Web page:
2013 top ten “new” latino authors to watch (and read)

2013 top ten “new” latino authors to watch (and read)

latinostoriesLast night I received the news that Jose B. Gonzalez founder and editor of LatinoStories.com has named me on his Top Ten “New” Latino Authors to Watch (and Read) page. I could not be more pleased or honored. Grateful. Especially on a day when I couldn’t help but think “who’s listening” as I struggle with revising my novel project.

kerouac.net link to big sur trailer

kerouac.net link to big sur trailer

Kerouc.net linked to a Vimeo preview of the Big Sur film trailer. Looks good. Can’t embed the video though I tried.

Big Sur from Michael Polish on Vimeo.

big sur film adaptation

big sur film adaptation

This USA Today article is the first I’ve heard of a Big Sur film adaptation. This plus On the Road and Kill Your Darlings makes three Kerouac focused films coming out. I’m getting excited.

lit 113 and philip roth

I’ve had the film adaptation of Roth’s Goodbye, Columbus on my Netflix queue and always find it unavailable. Just found it on YouTube to rent for $2.99 and highlights from the film on YouTube for tomorrow nights Lit 113.

kerouac’s original scroll

This Thanksgiving break I’ve finally made my way through Kerouac’s On the Road The Original Scroll. I’ve read excerpts and specific portions to compare to the novel/fiction version but never the entire book. I was most struck at the editor’s note in Book 4 that reveals a dog ate the last few feet of the work.

ernesto galarza’s barrio boy

Reading Galarza’s book Barrio Boy I was amazed at the brilliant memoir of Galarza’s boyhood experience of the Mexican Revolution and segregation in American neighborhoods. I was interested to find a different definition of the term chicano and also I was interested to read about the struggle for work and how that struggle for work drove the family to head north to Sacramento, California. I delighted in the entirety of the literacy narrative and Galarza’s attention to detail and description of his boyhood village and the American colonia he later lived in with his family. I hope to add this book to my proposed Latino Lit course for the Spring 2013 term.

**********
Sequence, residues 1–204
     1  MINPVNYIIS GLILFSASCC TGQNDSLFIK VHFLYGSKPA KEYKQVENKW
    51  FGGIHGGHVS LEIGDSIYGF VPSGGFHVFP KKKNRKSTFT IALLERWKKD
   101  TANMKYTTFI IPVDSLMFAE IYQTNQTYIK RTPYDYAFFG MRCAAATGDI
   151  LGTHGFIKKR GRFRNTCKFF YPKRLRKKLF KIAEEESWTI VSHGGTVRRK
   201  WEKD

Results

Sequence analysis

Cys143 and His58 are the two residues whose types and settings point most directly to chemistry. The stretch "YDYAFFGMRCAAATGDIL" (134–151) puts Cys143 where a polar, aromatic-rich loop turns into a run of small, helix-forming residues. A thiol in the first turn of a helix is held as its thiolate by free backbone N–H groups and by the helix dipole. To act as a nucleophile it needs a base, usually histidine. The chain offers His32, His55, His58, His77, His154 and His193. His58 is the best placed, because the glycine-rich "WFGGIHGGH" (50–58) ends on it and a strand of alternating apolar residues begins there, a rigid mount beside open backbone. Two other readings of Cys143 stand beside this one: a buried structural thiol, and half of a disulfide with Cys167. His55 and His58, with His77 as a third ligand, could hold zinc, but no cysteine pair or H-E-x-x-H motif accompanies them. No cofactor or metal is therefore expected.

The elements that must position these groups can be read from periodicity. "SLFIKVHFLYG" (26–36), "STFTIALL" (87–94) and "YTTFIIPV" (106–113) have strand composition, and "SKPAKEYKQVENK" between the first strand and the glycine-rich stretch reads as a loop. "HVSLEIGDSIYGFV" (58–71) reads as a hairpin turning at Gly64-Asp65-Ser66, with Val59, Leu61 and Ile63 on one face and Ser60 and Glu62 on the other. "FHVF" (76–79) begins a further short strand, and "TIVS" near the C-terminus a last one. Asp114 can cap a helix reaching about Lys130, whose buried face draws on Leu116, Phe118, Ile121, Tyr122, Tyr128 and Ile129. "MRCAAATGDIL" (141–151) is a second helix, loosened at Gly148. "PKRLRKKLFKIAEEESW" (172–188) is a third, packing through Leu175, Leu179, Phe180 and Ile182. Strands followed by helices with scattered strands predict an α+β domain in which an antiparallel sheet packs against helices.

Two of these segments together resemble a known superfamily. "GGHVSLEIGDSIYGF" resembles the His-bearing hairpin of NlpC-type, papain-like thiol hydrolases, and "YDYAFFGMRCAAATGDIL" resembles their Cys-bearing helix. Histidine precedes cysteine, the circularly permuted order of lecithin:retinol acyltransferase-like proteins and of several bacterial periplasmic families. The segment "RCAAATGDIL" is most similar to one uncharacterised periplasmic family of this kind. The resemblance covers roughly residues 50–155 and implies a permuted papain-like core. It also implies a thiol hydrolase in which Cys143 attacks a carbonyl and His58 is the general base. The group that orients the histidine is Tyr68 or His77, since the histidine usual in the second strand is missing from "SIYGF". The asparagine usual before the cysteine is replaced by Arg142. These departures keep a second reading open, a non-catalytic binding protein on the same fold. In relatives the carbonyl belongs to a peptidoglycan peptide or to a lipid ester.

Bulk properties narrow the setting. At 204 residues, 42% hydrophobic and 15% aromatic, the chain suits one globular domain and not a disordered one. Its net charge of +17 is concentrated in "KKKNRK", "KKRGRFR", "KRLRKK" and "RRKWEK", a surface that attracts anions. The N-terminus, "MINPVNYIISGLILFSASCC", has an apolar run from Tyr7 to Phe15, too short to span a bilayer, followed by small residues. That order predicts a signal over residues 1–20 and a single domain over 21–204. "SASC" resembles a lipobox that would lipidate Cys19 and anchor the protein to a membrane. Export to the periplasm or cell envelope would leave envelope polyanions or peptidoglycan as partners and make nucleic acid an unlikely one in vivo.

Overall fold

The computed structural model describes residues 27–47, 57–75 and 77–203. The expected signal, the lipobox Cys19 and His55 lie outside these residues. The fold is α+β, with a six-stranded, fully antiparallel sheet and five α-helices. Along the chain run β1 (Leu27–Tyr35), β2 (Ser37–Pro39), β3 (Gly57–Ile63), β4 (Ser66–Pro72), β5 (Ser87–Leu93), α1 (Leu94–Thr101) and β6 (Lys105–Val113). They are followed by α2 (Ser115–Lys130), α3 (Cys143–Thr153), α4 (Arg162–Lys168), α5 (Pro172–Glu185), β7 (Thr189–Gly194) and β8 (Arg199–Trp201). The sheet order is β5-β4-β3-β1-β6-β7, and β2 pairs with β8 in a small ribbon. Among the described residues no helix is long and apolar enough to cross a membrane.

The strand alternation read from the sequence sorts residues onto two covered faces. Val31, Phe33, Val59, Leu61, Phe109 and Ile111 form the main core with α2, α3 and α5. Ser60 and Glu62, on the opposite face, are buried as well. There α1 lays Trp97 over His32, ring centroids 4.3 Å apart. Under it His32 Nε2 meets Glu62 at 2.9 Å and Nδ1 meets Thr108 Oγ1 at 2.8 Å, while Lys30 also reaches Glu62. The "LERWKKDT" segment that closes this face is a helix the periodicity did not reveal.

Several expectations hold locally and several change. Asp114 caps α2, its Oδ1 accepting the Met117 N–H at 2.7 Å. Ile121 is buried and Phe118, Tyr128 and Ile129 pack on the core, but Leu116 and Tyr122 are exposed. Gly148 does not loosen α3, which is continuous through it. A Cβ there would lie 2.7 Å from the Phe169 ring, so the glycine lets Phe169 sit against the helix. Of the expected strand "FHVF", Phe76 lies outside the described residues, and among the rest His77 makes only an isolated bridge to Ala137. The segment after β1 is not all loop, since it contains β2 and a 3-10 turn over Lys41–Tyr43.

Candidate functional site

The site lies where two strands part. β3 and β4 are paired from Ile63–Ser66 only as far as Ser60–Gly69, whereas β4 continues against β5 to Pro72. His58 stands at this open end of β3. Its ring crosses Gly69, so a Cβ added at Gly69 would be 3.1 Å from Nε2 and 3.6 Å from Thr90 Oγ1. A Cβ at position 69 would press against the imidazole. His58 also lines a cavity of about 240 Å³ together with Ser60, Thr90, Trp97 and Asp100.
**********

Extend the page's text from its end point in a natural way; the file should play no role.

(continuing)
quick note on troncoso’s from this wicked patch of dust

From_This_Wicked_Patch_of_DustLast week–despite mountains of grading and student conferences–I spent time with Troncoso’s sweeping novel From This Wicked Patch of Dust and found so much to admire.  I admired the form as well as the content. Told in a third person limited omniscient narration the story drops into the thoughts, feelings and questions of each member of a Mexican American family–the children and parents–working and struggling in Ysleta, Texas. The narration hovers above the family and drops from section to section into certain family members thoughts and feelings. I also admired how the story fragments and separates by jumping years in between chapters. Something I work on in my own writing. One week later and the story stays with me. Overall the narrative gave me such a realistic and positive representation of an American family and quite simply it spoke to me. And I’m happy to say I sent Troncoso a quick message on Goodreads stating that and he was prompt in responding a kindly thank you.

This week I’m spending time with Luis Alberto Urrea’s Six Kinds of Sky and hope to have some thoughts soon.